Verify This Week (14/2015)
Here, we provide interesting links from around the web that discuss issues regarding the verification of content from social media: What tools, services and initiatives are there? Who is doing what? What’s the state of affairs regarding eyewitness media and related issues? Here is our list for this week.
How viral tweets get exposed
This article by CJR’s Anna Clark discusses the revealing work of Paulo Ordoveza who tweets as @PicPedant. Ordoveza challenges “mislabeled, fraudulent, and PhotoShopped images that go viral“ on Twitter. For that, he usually uses Google Reverse Image Search and TinEye.
Source: Columbia Journalism Review
Do you have to question every single photo that you see?
As journalists, we have to be aware that “photographers have been altering images long before Photoshop”. Here you can find some of the earliest examples.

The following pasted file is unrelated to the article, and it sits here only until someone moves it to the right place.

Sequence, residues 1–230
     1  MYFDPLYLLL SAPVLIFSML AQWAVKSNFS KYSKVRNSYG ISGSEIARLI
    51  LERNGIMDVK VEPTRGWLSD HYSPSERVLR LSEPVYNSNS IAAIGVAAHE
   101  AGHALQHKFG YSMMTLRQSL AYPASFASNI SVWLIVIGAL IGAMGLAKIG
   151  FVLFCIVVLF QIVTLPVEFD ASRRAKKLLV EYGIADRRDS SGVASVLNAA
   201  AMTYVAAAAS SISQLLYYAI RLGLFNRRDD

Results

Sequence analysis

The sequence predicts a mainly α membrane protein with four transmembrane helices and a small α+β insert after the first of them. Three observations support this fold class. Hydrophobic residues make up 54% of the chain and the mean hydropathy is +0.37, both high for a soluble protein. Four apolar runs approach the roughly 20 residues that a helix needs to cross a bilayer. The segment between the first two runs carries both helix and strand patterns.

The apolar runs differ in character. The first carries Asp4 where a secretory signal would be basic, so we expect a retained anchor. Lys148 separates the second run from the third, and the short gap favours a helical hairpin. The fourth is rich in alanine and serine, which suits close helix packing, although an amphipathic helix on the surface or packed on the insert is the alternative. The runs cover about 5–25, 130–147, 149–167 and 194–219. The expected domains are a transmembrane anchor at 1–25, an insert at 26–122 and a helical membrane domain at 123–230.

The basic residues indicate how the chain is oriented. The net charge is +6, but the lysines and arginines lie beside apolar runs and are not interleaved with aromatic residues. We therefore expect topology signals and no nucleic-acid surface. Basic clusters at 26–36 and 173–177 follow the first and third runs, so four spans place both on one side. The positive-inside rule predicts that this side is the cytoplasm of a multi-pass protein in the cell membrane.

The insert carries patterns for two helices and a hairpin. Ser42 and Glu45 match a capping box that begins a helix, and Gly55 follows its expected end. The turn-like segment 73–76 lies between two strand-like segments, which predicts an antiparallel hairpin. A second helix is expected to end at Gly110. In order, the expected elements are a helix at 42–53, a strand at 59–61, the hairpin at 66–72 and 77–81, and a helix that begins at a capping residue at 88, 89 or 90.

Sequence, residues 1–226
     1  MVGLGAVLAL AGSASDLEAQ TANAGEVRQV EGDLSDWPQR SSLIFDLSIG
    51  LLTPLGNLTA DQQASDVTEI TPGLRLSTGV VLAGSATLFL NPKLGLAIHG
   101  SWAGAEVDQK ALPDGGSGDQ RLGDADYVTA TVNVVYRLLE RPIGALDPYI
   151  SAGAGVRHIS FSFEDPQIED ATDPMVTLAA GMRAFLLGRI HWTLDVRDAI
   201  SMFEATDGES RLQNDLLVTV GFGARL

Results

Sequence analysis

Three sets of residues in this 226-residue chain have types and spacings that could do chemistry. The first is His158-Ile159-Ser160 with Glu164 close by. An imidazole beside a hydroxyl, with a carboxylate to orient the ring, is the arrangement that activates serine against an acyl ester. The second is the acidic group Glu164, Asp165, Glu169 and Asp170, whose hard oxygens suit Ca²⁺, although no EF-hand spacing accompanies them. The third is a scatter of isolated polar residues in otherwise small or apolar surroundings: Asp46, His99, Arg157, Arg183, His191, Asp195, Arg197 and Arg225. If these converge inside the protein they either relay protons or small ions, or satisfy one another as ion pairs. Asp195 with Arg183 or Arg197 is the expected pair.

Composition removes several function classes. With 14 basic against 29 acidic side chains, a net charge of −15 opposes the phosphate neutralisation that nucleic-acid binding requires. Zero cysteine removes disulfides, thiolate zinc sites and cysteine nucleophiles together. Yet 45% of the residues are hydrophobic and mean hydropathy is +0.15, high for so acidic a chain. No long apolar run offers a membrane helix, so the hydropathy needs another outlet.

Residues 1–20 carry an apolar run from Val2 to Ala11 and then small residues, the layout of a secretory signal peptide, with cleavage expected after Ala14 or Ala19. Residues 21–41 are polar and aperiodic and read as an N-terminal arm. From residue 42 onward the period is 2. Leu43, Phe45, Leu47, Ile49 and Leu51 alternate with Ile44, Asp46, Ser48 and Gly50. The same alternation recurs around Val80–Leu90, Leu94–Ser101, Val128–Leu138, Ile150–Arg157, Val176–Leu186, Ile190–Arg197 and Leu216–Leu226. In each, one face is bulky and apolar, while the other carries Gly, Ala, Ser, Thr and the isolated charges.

How can we make fact-checking sustainable? This article by Catalina Albeanu presents some results of a survey, asking fact-checking organisations how they are funded. Interesting result: “19 out of the 29 fact-checking sites surveyed said 75 per cent or more of their funding came from foundations, 4 received all of their budget from a parent media organisation, and only 3 got 20 per cent or more from ‘earned income'”.
Meet us at the ICT 2015 Exhibition
Meet us in Lisbon at the ICT Exhibition on October, 20-22. REVEAL will demonstrate first iterations of prototypes for the news app and the enterprise app. Feel free to come by, chat with us and exchange ideas.
Source: ICT 2015
Global Fact-Checking Summit
“This video features the work of journalist fact-checkers around the globe who evaluate statements by politicians in order to rate their truthfulness. This video originally was shown at the 2015 Global Fact Checking Summit in London ”